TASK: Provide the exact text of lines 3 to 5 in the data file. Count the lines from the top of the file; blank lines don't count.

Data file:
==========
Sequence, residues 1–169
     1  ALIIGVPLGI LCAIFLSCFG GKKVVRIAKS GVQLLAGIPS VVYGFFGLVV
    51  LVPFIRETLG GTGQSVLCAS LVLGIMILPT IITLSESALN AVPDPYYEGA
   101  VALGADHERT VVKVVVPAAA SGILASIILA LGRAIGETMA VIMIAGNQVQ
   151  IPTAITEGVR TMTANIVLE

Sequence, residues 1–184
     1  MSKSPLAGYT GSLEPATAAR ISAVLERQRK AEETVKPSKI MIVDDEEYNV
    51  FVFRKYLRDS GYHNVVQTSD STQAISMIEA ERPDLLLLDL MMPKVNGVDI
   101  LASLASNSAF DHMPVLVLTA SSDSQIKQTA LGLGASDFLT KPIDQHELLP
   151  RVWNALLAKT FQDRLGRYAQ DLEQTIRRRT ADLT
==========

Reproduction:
    51  LVPFIRETLG GTGQSVLCAS LVLGIMILPT IITLSESALN AVPDPYYEGA
   101  VALGADHERT VVKVVVPAAA SGILASIILA LGRAIGETMA VIMIAGNQVQ
   151  IPTAITEGVR TMTANIVLE